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Walmart foes enjoy minor victory in court
updated rendering
An artist rendering of the Walmart Supercenter project, which was approved by the Ceres City Council but now held up in court by Citizens for Ceres. It could take years before the matter is resolved in court.

A new twist has sprung to the legal debate over the city's 2011 approval of a Walmart Supercenter project which further delays a project already years in the planning. The matter may next be placed in the hands of the highest court in California.

A group named "Citizens for Ceres" is suing Walmart and the city of Ceres stating that the city did not completely follow environmental review law when the City Council approved the Mitchell Ranch Shopping Center and its anchor store of a Walmart Supercenter to be constructed at Service and Mitchell roads. In an October 2011 press release, group spokesman Sherri Jacobson said: "Citizens for Ceres has strong ethical and legal convictions that the deficiencies in the EIR are significant, and that the Environmental Impact Report for the Mitchell Ranch Center is legally defective and should not have been certified by the city of Ceres. Our only remedy is this litigation."

Specifically, the lawsuit faults the EIR for not adequately addressing any potential urban decay or blight resulting for the new center and abandonment of the existing store at Hatch and Mitchell roads. Proponents of the center have long argued that the EIR has addressed those concerns and noted that the term blight is different than one used in redevelopment agencies.

The group ultimately hopes to block construction of the 26-acre project at Ceres' Southern Gateway. The center is proposed as a 185,668-square-foot Supercenter with 10 other retail shops totaling 114,162 square feet. Specifically, three other major tenants and four smaller shops as well as a stand-alone retail building and two to three new restaurants were approved in 2011. No other tenants have been named but Applebee's has expressed interest in the center.

To determine if CEQA was followed, "Citizens" wants thousands of emails between Walmart attorneys, city staff and the city's legal firm of Meyers Nave turned over as part of the "administrative record." The city and Walmart feel that those emails are protected by attorney-client or attorney work-product privilege and they had not waived these privileges by sharing with each other because they had a common interest in preparing the EIR. The Third District Appellate Court agreed. However, on June 8 the California Court of Appeal, Fifth Appellate District in Fresno overturned that decision that determined the emails are not protected.

The court said that the city's obligation "not to commit to the project in advance, but instead to carry out an environmental review process and create environmental documents that reveal the project's impacts without fear or favor, and only then make up its mind about project approval, means the agency cannot have an interest, prior to project approval, in producing a legally defensible EIR or other environmental document that supports the applicant's proposal. At the same time, of course, the applicant's primary interest in the environmental review process is in having the agency produce a favorable EIR that will pass legal muster. These interests are fundamentally at odds."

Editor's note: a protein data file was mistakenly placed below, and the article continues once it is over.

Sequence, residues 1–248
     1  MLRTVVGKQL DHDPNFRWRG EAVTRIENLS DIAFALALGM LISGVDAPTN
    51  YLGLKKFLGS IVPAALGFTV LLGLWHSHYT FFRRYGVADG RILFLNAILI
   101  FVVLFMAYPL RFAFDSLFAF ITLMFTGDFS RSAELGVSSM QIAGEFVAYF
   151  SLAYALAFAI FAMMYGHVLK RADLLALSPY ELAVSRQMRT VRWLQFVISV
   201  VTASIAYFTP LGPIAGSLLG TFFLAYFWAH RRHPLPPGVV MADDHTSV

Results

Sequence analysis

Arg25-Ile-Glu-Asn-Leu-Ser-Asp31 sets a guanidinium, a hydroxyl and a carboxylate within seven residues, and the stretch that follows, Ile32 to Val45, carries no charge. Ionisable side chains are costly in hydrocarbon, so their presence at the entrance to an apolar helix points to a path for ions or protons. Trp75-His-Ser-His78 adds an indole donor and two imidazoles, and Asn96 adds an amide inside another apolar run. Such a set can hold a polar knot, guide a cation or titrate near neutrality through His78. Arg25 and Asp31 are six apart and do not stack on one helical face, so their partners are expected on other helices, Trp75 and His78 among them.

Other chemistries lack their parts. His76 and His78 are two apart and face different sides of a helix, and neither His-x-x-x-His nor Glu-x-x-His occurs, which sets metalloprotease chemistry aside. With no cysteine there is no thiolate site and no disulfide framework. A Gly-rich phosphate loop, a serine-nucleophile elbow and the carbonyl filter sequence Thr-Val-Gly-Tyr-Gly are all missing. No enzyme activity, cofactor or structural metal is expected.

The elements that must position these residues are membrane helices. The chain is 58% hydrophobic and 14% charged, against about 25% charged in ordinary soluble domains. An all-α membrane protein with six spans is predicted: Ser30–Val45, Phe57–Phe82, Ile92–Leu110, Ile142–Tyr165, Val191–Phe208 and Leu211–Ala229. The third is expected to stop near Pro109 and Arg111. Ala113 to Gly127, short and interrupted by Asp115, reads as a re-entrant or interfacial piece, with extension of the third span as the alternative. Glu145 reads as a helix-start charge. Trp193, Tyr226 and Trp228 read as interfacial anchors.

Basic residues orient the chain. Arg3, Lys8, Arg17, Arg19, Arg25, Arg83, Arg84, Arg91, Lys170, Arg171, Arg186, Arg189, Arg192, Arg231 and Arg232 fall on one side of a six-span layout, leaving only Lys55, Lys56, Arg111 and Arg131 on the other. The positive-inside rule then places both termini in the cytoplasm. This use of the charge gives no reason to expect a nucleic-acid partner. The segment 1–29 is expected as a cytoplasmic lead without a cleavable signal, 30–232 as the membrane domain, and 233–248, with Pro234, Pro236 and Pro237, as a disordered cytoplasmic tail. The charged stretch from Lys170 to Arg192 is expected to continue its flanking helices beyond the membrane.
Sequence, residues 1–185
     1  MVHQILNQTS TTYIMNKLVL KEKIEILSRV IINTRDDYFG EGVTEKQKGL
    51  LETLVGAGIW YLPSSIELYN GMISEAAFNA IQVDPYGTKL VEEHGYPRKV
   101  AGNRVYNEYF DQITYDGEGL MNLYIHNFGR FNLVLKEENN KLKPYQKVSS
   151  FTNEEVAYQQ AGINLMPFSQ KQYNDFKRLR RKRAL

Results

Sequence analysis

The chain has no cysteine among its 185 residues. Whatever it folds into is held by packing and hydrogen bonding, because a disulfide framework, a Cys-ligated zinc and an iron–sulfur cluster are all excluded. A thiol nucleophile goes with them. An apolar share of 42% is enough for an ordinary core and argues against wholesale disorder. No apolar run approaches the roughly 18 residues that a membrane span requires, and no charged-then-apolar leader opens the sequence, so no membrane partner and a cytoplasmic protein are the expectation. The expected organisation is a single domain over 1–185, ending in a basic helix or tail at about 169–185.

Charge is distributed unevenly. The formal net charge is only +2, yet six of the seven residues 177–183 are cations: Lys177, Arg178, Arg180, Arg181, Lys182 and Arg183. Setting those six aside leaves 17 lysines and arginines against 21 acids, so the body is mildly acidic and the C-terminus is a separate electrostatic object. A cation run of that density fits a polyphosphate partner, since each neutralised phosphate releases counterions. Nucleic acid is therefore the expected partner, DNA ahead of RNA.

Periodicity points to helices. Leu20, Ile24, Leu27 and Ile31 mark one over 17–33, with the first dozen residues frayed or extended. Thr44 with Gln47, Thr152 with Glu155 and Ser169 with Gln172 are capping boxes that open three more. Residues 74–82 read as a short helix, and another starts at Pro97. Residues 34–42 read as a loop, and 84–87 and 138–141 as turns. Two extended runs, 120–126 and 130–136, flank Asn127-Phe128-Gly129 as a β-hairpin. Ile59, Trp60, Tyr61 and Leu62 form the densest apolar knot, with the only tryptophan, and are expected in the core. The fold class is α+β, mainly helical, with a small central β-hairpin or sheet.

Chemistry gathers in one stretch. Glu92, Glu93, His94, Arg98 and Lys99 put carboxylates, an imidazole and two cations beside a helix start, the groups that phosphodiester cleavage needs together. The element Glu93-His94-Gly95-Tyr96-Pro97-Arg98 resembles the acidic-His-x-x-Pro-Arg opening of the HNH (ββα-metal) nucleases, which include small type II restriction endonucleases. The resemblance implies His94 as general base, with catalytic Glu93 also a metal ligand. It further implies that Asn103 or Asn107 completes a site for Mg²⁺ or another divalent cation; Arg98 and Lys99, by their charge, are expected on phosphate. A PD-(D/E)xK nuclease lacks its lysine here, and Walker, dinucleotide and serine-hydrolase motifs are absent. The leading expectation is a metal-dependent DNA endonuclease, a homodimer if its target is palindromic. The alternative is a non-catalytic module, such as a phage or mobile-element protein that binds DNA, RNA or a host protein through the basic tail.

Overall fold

The court also explained that attorney-client "does not include encouraging strategizing between a private applicant and a government agency to meet a future challenge by members of the public to a decision in favor of the applicant if, at the time of the strategizing, the agency has not, and legitimately could not, have yet made that decision."

City Attorney Michael Lyions said that since the two courts do not agree, the Ceres City Council may ask the California State Supreme Court to weigh in.

"The decision is inconsistent," said Lyions, who added "we don't know how we are going to respond."

Should the parties ask for the state court to take the case and the court take it, a new delay of months could occur.

"It could possibly take another nine months to a year before the State Supreme Court gets to it," said Lyions, who has long asserted that Citizens is only trying to delay the project as long as possible.

"It's a further delaying tactic of theirs -- that would be our perception."

Jacobson heralded the decision as a victory.

"The city and Walmart took it upon themselves to withhold from public disclosure hundreds of documents regarding their behind-the-scenes communications over this project," said Jacobson. "We look forward to reviewing these public documents as a result of this victory. This ruling is important for those who believe government should be open and transparent rather than a series of secretive, back-room dealings. The city and Walmart have been preventing any public access to the documents since December 2011."

Citizens' attorney Bret Jolley said "we couldn't have asked for a better result from the Appellate Court." He said the latest opinion is "well-reasoned and creates legal precedent to be followed in other cases addressing this issue. At the same time the Court was careful to not overreach in its opinion and has remanded some issues to the trial court for further review."